Learning about Illustrator for quilters


I received a wonderful question from a longarm quilter who wanted to know what processes and tools were worth learning about in Adobe Illustrator which is the Computer Aided Drawing (CAD) program I use to create my quilt designs, whether they be patchwork, appliqué or quilting patterns.  I use the most basic tools for my work.

Here is the list of things I recommend for learning in Illustrator (or whatever other program you are looking at investing in).  It may seem like a lot of gobbledygook but to someone who knows about Illustrator, it will make sense.


  • How to join lines and use the line tools.
  • Enclose shapes so they can be coloured in.
  • How to colour shapes and add gradients.
  • How to put different shapes at the end of lines, like arrow heads.
  • How to align shapes.
  • Mirror image tool.
  • How to rotate sections of a drawing to line them up.
  • Evenly divide a line into sections, including a circles.
  • Putting even spaces between shapes.
  • Put a design on a path (the pattern brush tool) and how the design warps if the path is curved.
  • Scaling the design (it’s an option in the pattern brush tool).
  • Inverting the design (it’s an option in the pattern brush tool).
  • Trace a photo or scanned drawing and get a decent outline in 1 pt stroke.
  • Learn to tile the image when printing. This means the image can be printed over several pieces of paper and taped together afterwards if it is larger than one piece of paper.
  • 3D effects and perspective.
  • If an image is drawn in 1pt stroke and then the image is reduced in size, how do you reduce the stroke size automatically so the image doesn’t become a blob on the screen?  (It’s in the stroke options).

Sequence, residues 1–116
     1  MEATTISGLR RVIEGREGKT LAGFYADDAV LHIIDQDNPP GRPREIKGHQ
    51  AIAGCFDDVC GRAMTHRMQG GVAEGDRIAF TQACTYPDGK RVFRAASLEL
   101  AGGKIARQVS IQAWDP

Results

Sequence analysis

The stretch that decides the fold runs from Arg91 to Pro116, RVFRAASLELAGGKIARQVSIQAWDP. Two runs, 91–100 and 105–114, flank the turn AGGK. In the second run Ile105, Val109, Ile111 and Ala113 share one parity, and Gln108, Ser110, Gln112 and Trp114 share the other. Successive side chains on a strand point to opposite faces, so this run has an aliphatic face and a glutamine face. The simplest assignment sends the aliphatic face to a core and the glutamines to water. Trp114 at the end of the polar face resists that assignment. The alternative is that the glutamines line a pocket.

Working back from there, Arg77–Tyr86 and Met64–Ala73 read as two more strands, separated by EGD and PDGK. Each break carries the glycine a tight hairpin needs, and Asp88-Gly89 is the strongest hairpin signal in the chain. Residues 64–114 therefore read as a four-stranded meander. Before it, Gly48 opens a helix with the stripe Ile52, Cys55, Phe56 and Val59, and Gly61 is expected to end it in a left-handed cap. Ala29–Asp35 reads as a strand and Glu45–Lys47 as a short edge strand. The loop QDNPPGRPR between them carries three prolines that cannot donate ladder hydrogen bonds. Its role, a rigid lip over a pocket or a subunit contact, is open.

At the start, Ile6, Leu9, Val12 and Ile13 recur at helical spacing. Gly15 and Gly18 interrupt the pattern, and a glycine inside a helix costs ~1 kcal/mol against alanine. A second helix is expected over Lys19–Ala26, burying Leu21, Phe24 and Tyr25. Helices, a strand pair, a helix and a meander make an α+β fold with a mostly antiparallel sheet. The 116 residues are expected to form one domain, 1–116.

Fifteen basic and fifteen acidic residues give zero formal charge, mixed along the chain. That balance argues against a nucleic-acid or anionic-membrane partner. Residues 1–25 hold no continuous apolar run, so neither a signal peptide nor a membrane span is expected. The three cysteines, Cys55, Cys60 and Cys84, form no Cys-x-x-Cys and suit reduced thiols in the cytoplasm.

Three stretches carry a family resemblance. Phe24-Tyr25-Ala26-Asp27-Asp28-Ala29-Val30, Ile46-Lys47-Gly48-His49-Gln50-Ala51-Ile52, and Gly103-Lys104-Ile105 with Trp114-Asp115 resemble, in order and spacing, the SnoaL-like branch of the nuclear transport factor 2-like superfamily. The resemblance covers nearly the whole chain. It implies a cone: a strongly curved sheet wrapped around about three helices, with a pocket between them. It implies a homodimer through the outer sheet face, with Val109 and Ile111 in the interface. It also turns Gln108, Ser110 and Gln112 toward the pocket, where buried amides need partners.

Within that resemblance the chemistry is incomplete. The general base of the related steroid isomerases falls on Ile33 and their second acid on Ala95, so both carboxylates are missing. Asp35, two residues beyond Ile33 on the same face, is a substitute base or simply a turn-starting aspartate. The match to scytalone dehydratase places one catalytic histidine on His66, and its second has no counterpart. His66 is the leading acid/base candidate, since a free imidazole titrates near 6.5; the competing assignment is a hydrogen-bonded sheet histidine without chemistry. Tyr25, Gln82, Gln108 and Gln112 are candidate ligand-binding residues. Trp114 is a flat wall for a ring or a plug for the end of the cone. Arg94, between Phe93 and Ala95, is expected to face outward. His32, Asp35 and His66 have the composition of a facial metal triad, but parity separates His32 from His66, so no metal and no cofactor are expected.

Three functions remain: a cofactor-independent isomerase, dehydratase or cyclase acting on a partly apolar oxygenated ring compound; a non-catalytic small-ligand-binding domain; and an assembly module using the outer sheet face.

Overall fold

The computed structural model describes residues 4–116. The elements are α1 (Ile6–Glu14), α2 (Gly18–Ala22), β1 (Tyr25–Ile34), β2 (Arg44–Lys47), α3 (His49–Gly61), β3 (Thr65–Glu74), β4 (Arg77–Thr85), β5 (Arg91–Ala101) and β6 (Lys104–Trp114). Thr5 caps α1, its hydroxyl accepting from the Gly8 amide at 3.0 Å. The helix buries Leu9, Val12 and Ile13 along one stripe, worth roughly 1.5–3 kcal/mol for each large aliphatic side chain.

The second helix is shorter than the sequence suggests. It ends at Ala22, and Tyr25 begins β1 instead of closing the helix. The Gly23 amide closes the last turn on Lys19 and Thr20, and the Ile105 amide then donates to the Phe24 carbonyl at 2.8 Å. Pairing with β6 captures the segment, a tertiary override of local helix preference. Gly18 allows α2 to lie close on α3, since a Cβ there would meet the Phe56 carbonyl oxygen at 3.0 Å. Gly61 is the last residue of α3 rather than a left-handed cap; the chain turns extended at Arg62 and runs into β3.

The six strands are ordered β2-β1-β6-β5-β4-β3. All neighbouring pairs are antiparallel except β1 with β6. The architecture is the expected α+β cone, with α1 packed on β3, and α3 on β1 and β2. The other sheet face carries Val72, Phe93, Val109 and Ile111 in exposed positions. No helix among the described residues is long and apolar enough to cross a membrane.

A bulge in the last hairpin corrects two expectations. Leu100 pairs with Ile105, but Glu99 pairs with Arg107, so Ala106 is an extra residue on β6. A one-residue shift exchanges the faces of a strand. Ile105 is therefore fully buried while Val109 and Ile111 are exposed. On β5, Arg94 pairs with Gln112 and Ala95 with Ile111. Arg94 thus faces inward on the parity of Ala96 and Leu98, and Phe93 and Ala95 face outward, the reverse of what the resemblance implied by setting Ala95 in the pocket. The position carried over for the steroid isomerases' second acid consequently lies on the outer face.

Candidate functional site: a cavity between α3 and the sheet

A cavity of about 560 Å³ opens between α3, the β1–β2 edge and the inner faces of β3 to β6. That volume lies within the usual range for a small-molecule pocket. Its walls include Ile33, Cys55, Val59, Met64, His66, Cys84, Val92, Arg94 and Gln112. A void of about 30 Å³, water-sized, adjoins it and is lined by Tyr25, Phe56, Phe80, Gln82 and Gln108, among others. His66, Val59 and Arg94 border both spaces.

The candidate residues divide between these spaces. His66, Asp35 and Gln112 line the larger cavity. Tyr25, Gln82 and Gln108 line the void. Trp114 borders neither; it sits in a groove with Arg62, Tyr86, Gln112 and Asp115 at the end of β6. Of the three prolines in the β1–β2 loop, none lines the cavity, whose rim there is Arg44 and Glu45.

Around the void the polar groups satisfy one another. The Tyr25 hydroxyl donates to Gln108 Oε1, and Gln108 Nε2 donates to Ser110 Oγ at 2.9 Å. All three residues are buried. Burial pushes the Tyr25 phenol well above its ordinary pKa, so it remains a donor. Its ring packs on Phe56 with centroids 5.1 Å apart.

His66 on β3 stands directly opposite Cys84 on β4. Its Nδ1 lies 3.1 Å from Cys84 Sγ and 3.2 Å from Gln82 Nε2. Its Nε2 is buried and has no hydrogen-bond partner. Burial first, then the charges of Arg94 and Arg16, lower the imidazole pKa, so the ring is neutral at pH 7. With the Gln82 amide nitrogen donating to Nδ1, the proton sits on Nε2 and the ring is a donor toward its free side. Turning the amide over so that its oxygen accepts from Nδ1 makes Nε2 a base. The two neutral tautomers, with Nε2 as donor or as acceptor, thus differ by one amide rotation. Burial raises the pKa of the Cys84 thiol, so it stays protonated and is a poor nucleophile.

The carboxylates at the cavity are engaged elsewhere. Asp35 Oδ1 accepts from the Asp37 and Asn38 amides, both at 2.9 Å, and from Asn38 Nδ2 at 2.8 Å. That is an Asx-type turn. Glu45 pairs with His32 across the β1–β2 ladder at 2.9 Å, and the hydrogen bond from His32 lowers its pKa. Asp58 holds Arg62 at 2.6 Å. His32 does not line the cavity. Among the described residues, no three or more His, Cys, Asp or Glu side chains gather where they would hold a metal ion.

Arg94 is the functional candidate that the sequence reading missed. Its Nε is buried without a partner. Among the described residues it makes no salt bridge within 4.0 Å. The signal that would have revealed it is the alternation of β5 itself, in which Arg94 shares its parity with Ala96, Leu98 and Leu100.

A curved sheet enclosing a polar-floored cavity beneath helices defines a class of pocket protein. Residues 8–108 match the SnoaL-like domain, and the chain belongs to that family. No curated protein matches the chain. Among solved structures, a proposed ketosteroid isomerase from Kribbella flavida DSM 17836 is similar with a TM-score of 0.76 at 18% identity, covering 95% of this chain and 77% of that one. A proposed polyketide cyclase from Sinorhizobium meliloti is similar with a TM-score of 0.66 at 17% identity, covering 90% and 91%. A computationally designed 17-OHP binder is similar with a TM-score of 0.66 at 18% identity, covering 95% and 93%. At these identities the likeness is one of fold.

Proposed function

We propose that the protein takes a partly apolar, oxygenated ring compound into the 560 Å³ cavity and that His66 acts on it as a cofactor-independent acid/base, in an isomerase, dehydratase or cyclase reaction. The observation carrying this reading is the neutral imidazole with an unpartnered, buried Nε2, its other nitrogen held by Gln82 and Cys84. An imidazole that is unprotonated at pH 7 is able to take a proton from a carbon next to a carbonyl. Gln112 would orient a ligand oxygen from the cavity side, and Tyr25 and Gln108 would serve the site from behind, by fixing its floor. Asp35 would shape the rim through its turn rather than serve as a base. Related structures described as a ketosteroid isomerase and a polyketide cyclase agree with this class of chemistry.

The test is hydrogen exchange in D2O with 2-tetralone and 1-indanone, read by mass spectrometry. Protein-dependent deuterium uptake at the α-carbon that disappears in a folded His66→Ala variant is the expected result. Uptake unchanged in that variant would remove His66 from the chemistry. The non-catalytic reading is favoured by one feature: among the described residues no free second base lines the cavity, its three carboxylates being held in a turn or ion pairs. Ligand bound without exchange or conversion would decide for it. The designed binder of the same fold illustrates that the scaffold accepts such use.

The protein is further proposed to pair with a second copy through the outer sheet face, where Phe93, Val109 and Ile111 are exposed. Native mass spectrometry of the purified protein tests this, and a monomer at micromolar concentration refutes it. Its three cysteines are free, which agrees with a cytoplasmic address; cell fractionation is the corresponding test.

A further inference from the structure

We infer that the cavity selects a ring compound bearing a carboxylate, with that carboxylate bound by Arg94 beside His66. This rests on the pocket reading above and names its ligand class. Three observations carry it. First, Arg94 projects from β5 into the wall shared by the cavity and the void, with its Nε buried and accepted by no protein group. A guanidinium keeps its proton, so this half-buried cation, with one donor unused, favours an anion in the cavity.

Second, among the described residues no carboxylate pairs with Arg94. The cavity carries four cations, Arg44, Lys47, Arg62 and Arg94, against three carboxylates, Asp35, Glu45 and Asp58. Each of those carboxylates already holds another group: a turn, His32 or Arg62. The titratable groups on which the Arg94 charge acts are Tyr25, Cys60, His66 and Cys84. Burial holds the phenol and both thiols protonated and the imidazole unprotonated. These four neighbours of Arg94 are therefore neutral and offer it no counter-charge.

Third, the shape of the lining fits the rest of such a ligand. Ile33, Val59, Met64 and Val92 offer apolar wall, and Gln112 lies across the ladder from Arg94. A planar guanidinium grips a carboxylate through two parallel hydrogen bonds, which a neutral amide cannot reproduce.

• Stroke options.
  • Anchor points and how they work.
  • Selection tools.
  • Pathfinder tools, these unite, divide, minus parts of shapes that are on screen. A very handy tool indeed.
  • The effect gallery.
  • Keyboard shortcuts. I still haven’t learnt many and I know I could speed up the process if I learnt them.


  • Learn about vector images and keep the image in the file at the size you want to print it.
  • Try to find a course where they use Wacom tablets in class.  If you don’t use one already, you won’t believe how fantastic, accurate and easy they are to use.
  • Look at the options in the pencil/pen tools.
  • Look at document setup options.
  • Take along a USB to save your work that will work on Mac as well as PC.


The course on Illustrator I took was part of a graphic design diploma/certificate at our local TAFE (or community college) but it had some cryptic name so I just asked the front desk if they had a course on Illustrator.  There was a short four week course and a longer one that went for the semester so I took that one. I was not the oldest person in the class (at 40) and there were others just doing the AI course and not the whole diploma.  Don’t be intimidated by the thought that the class will be full of teenagers who already know everything about the program.  They were a helpful and friendly bunch.  I actually had more experience with AI then a lot of them as I’d struggled to use it for 18 months and was able to help them. I am not one to explore a program by pushing buttons to see what they do and I like to be shown how to use the program and be able to ask questions.

I was able to talk to the teacher before starting the class and showed him what I wanted to use the program for.  I went in with a version of this list of what I needed to learn from the class. He was happy to answer all my questions.  I felt at ease about asking questions in class and the teacher wanted to show us how we could use the program in a way that related to what we wanted to do with it. It was a great experience.  Online AI video tutorials on these tools are quite useful too.  I recently did a quick video here on the pattern brush tool.

I found once I’d learnt how to use the program properly that I wondered how on earth I survived without it for so long.  It’s so good for creating patterns for students if you teach.  I’m also glad I learnt how to use Photoshop since then as it has many benefits for quilters too.

Happy quilting,


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